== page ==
The immunoreceptor NKG2D promotes immunosurveillance of malignant cells and protects the host from tumor initiation by activating natural killer cells and costimulating CD8 T cells. NKG2D-mediated recognition of malignant cells by cytotoxic lymphocytes is enabled through the tumor-associated expression of NKG2D ligands (NKG2DL) resulting from cellular or genotoxic stress. Shedding of NKG2DL is thought to constitute a major countermechanism of tumor cells to subvert NKG2D-mediated immunosurveillance. Here, we report that the prototypical NKG2DL MICA is released by proteolytic cleavage in the stalk of the MICA ectodomain, where deletions, but not alanine substitutions, impede MICA shedding. Small compound-mediated stimulation and inhibition of MICA shedding adduced characteristics that indicated an involvement of members of the “a disintegrin and metalloproteinase” (ADAM) family. Accordingly, MICA shedding by tumor cells was inhibited by silencing of the related ADAM10 and ADAM17 proteases, which are known to promote tumor growth by releasing epidermal growth factor receptor ligands. Collectively, our data show that ADAM10 and ADAM17 are critically involved in the tumor-associated proteolytic release of soluble MICA facilitating tumor immune escape. Hence, therapeutic blockade of ADAM10 and ADAM17 seems promising for cancer treatment by targeting both growth and immune escape of tumors. [Cancer Res 2008;68(15):6368–76]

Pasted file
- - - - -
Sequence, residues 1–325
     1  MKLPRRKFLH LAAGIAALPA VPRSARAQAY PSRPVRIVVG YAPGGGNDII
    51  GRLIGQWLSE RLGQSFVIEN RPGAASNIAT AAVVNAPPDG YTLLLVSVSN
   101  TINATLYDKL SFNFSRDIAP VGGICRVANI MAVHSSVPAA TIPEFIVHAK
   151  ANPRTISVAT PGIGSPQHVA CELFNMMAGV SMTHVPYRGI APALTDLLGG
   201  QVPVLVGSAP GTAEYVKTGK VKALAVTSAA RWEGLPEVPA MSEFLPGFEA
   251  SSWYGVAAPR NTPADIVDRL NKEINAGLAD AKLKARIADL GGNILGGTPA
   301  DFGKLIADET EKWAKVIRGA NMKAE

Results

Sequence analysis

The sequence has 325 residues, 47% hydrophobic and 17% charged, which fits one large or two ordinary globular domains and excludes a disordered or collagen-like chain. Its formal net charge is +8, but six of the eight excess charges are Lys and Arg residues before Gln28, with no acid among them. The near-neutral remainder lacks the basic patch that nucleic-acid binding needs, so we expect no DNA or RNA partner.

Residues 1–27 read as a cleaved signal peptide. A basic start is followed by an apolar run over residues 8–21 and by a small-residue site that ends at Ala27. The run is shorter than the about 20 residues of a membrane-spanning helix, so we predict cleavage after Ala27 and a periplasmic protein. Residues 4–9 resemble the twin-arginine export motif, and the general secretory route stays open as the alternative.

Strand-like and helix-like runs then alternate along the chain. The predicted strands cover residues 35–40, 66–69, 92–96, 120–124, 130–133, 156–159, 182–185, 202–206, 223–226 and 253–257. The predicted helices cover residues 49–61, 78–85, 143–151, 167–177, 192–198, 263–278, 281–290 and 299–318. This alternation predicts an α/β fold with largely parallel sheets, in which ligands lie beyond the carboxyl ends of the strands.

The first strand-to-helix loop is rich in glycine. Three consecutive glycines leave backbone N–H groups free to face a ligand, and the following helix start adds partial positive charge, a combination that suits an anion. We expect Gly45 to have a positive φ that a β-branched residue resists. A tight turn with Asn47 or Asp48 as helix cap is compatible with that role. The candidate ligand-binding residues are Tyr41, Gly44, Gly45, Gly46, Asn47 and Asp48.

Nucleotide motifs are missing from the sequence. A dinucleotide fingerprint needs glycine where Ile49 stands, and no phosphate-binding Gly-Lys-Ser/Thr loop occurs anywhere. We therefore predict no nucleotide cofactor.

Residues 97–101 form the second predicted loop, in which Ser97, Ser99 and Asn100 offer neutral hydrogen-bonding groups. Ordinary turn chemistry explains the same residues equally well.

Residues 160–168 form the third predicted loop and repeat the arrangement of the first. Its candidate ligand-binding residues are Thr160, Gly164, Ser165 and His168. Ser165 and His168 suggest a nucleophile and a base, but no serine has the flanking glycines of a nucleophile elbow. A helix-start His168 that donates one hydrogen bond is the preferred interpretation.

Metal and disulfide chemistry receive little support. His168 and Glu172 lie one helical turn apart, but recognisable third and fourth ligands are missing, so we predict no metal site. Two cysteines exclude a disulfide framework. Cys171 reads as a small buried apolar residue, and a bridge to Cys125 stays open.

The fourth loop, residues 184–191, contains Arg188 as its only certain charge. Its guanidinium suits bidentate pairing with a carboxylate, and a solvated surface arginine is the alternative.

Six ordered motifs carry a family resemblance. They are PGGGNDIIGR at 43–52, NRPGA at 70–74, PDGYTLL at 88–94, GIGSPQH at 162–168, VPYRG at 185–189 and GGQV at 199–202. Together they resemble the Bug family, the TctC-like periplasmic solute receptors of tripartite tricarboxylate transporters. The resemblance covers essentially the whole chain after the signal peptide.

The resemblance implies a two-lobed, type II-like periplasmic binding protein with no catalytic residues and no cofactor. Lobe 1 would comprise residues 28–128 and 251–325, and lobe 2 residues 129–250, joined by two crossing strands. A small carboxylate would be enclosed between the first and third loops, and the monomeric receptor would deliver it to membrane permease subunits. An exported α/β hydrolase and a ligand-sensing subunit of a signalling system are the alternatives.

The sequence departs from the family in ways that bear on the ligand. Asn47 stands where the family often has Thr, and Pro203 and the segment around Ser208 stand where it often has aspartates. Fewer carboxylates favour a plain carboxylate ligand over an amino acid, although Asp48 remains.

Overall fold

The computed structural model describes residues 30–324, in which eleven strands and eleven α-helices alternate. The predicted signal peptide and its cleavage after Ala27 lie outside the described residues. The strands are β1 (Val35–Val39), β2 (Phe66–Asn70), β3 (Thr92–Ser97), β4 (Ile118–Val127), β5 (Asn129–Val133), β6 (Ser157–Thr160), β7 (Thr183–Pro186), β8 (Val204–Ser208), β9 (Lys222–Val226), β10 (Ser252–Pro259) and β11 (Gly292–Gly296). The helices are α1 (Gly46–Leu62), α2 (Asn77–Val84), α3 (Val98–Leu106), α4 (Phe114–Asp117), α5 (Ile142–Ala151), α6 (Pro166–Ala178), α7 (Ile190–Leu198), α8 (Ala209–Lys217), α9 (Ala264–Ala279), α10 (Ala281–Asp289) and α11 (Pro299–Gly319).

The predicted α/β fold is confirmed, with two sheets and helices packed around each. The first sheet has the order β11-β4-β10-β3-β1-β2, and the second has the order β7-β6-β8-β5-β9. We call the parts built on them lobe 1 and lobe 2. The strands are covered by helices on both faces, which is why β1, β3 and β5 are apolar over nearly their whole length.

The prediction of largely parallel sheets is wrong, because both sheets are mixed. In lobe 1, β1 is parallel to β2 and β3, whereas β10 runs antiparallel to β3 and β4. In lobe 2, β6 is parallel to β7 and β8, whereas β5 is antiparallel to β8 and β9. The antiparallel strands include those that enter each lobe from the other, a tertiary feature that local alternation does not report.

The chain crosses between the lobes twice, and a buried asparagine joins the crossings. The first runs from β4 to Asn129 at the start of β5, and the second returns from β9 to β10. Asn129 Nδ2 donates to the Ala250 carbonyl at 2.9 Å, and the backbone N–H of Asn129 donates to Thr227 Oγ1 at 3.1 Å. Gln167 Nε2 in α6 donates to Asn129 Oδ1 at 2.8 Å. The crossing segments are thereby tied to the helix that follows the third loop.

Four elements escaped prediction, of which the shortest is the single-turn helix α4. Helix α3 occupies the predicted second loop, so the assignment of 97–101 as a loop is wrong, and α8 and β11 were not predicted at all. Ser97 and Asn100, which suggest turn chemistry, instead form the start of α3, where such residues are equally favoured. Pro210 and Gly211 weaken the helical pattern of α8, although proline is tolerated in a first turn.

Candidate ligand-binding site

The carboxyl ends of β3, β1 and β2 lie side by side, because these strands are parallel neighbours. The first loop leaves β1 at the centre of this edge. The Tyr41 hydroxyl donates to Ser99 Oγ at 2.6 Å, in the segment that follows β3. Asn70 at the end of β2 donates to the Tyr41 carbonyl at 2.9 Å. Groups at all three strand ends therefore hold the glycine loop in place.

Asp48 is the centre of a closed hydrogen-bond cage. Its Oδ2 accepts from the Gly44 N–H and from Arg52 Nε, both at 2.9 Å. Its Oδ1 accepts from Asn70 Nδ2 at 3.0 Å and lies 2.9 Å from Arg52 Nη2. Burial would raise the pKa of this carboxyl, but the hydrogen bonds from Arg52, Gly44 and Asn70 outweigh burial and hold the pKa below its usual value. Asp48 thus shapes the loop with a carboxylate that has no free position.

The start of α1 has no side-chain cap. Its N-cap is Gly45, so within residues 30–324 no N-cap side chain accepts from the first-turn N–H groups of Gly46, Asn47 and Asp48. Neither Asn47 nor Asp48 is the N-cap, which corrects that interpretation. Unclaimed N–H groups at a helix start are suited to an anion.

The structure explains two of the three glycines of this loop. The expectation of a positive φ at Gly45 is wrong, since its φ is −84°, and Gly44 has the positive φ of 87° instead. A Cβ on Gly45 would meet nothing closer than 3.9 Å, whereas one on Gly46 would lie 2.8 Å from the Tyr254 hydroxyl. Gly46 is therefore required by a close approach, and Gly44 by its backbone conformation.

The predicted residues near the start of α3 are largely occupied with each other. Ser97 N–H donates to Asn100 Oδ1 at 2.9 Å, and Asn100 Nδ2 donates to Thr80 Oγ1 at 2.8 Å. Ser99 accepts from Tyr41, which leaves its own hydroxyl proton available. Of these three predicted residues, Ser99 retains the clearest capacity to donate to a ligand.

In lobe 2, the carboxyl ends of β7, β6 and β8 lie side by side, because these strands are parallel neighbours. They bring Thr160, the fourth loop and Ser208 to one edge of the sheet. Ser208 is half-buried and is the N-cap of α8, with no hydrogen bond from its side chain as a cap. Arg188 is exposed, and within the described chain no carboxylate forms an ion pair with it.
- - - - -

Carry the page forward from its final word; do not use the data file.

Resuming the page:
In the past, a role of the immune system in the control of cancer has been controversially discussed, but evidence in support of an active tumor immunosurveillance is broadly accumulating. In particular, the concept of cancer immunoediting by Schreiber and colleagues provides an attractive blueprint to accommodate many experimental findings and clinical observations in the field of tumor immunology (1, 2). Accordingly, the interaction between cancer and immune system is characterized by three phases comprising initial immune-mediated tumor elimination, an equilibrium phase, and, finally, the evasion of tumors from immunosurveillance (1, 2). A major challenge remains to explain how the immune system is able to recognize malignant autologous cells and to mount an antitumor immune response in spite of the “self”-tolerance of the immune system. Work on the NKG2D/NKG2D ligand (NKG2DL) system has provided a novel rationale for the immune-mediated recognition of tumors because the activating receptor NKG2D endows cytotoxic effectors of both the innate and adaptive immune system with the capacity to detect and eliminate malignant cells (1–4).